Bangladesh Wants to Convert its Largest Slum into a Software Technology Park
Bangladesh wants to convert Dhaka's largest informal settlement, Karail, into a software technology park. Experts warn the current development plan will undermine inclusiveness and sustainability. The Ministry of Science and Community Technology, which owns the land Karail sits on, promises that the new park will generate 30,000 future jobs. But, according to University of Melbourne researcher Tanzil Shafique this comes at the cost of evicting 40,000 families as well as replacing 116,000 jobs in Karail now.  In order to protect the security and livelihood of large numbers of people from mass demolition in Karail, Shafique urges planners to integrate UN-Habitat core values into development plans, namely  to "recognize the rights and contributions of slum dwellers and change the view that they are illegal." 

Read more here.
A Day in the Life of the Homeless of San Francisco
Last month, thirty-six journalists from the San Francisco Chronicle spread across the city to document twenty-four hours in the life of San Francisco's homeless populations. The interactive piece puts a human face on key issues for San Francisco. The city has budgeted $300 million to fight homelessness in 2019, yet a housing shortage, drug epidemic, and lack of adequate mental health care has increased the numbers of unsheltered individuals. The exposé portrays an array of experiences and situations including veterans, LGBTQ, immigrants, families, and populations with mental illnesses.

Read more here.
IHC Global Spotlight Event
USAID Urban Policy: Lessons After Five Years of Implementation

The Society for International Development- Washington Infrastructure & Urban Development Working Group will host a public discussion on USAID's recent Assessment of the Implementation of USAID's Urban Policy. The event is organized by the Working Group co-chairs David Painter and IHC Global President Judith Hermanson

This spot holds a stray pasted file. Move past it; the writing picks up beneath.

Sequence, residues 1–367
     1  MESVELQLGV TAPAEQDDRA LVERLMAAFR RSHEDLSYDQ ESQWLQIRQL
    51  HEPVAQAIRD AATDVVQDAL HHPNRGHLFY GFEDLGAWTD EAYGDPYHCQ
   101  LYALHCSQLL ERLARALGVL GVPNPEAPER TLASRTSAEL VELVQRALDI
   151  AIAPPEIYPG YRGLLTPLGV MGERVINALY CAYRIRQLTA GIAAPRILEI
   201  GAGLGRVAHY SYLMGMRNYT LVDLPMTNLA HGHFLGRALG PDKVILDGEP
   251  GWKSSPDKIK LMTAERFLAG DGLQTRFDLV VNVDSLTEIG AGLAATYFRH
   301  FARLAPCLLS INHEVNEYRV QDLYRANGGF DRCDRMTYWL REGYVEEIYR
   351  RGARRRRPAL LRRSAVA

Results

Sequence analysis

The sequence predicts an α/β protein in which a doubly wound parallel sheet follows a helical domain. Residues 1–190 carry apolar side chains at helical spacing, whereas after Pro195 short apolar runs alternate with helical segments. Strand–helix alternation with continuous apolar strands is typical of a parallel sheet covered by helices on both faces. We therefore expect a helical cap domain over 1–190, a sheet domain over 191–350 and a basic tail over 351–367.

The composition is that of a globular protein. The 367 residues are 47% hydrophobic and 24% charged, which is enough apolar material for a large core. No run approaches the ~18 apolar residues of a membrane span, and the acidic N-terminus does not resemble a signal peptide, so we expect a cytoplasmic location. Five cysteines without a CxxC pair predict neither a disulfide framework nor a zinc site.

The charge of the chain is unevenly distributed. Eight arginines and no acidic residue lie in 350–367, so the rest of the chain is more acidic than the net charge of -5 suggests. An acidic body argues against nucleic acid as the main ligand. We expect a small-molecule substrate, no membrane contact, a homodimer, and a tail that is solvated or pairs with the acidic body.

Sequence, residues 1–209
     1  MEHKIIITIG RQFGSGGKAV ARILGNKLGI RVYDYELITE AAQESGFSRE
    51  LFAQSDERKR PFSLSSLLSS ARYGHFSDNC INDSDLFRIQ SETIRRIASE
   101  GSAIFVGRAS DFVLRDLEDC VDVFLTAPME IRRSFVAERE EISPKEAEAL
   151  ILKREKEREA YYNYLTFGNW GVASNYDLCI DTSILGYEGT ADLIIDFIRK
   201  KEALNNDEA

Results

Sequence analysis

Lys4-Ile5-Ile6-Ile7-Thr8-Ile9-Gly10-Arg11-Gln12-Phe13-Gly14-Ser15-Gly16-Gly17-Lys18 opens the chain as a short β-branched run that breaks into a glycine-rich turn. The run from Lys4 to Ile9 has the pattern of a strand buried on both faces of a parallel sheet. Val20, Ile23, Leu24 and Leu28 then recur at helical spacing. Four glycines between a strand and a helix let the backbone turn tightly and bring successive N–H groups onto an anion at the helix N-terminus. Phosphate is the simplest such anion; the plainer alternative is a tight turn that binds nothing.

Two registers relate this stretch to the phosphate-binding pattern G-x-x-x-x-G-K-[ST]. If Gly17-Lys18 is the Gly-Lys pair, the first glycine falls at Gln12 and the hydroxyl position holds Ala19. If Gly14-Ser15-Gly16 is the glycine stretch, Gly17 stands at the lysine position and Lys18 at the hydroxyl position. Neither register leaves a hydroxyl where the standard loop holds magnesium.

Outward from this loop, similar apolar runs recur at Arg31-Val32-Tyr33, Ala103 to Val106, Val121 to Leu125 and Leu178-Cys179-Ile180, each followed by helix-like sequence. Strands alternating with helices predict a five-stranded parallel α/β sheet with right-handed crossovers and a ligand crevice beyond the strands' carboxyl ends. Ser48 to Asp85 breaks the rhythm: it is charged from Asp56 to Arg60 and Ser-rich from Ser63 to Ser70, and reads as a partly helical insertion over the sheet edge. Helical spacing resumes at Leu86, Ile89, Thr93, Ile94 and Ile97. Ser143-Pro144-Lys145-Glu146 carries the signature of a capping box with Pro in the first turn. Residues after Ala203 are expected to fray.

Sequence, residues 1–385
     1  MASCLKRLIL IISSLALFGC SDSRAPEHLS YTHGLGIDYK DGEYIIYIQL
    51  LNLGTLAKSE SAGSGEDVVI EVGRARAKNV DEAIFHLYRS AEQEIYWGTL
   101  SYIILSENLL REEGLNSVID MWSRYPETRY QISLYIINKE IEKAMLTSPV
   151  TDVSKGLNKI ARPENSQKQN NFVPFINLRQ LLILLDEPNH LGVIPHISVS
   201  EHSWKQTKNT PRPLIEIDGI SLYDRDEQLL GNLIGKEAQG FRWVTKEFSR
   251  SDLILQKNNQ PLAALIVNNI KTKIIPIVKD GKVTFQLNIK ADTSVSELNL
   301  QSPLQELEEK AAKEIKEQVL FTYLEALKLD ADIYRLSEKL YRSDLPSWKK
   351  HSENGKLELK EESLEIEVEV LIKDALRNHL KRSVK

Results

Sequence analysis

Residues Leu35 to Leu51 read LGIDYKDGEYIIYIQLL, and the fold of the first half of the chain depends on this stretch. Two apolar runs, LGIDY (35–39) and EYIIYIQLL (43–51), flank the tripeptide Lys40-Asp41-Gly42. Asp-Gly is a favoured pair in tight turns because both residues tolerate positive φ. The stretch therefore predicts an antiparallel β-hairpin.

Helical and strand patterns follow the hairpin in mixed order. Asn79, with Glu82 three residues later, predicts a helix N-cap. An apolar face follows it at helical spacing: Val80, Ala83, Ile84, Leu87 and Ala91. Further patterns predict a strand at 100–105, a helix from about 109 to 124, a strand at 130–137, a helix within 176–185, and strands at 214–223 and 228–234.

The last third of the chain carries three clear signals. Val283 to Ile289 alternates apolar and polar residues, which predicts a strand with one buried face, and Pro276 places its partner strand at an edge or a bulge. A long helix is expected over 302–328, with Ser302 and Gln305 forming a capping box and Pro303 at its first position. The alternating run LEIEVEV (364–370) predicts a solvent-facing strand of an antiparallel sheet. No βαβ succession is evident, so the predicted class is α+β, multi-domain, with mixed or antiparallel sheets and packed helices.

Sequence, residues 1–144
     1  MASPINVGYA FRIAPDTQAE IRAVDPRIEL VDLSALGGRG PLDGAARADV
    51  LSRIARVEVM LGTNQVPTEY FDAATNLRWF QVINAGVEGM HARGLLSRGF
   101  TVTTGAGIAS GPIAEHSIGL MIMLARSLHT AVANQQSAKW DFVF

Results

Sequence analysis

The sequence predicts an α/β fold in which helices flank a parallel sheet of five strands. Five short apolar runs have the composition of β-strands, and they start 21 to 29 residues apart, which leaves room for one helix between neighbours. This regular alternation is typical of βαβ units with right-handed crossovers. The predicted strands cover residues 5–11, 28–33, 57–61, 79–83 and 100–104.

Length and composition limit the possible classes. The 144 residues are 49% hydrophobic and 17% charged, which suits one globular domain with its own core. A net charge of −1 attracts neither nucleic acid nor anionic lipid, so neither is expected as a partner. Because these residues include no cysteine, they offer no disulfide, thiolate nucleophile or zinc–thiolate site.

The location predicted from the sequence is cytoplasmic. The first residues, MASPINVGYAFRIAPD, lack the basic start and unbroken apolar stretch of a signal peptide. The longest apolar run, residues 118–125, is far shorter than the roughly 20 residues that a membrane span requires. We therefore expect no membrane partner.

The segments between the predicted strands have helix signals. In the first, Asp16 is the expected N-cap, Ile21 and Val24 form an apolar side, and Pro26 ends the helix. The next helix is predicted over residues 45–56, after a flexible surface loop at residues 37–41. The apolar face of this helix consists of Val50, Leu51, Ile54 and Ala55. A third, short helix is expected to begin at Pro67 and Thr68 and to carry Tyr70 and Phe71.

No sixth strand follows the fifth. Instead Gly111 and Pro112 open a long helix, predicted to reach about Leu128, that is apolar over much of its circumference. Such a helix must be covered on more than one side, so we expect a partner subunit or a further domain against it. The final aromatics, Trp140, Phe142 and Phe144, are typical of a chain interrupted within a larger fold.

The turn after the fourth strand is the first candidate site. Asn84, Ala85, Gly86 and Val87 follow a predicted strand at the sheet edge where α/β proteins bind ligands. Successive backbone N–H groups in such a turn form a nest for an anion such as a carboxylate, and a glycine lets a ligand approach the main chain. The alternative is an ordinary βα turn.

Thursday, August 8th

Find the event here
In the News and Around the Web
  • The Red Summer in PhotosThe Guardian remembers the Chicago race riot of July 27-August 3, 1919. 
  • Jakarta Is In Desperate Need of Pedestrian Infrastructure: The Indonesian capital will invest in downtown sidewalks.
  • Abu Dhabi Hosts UN-Habitat Executive Director Ahead of WUF 10This week, Abu Dhabi Department of Urban Planning and Municipalities hosted UN Habitat Executive Director Maimunah Mohd Sharif ahead of the World Urban Forum 10 to take place in Abu Dhabi, February 2020.
  • Lyft's Electric Bikes Have Caught Fire San Francisco: Lyft is pulling some of its electric bikes from San Francisco after some caught fire while in use.
  • India's Smart Cities and the New Urban Agenda: Can Prime Minister Narendra Modi advance the New Urban Agenda in India?
Butembo in the Eastern DRC, at the center of the Ebola outbreak  ( The Guardian /Finbarr O'Reilly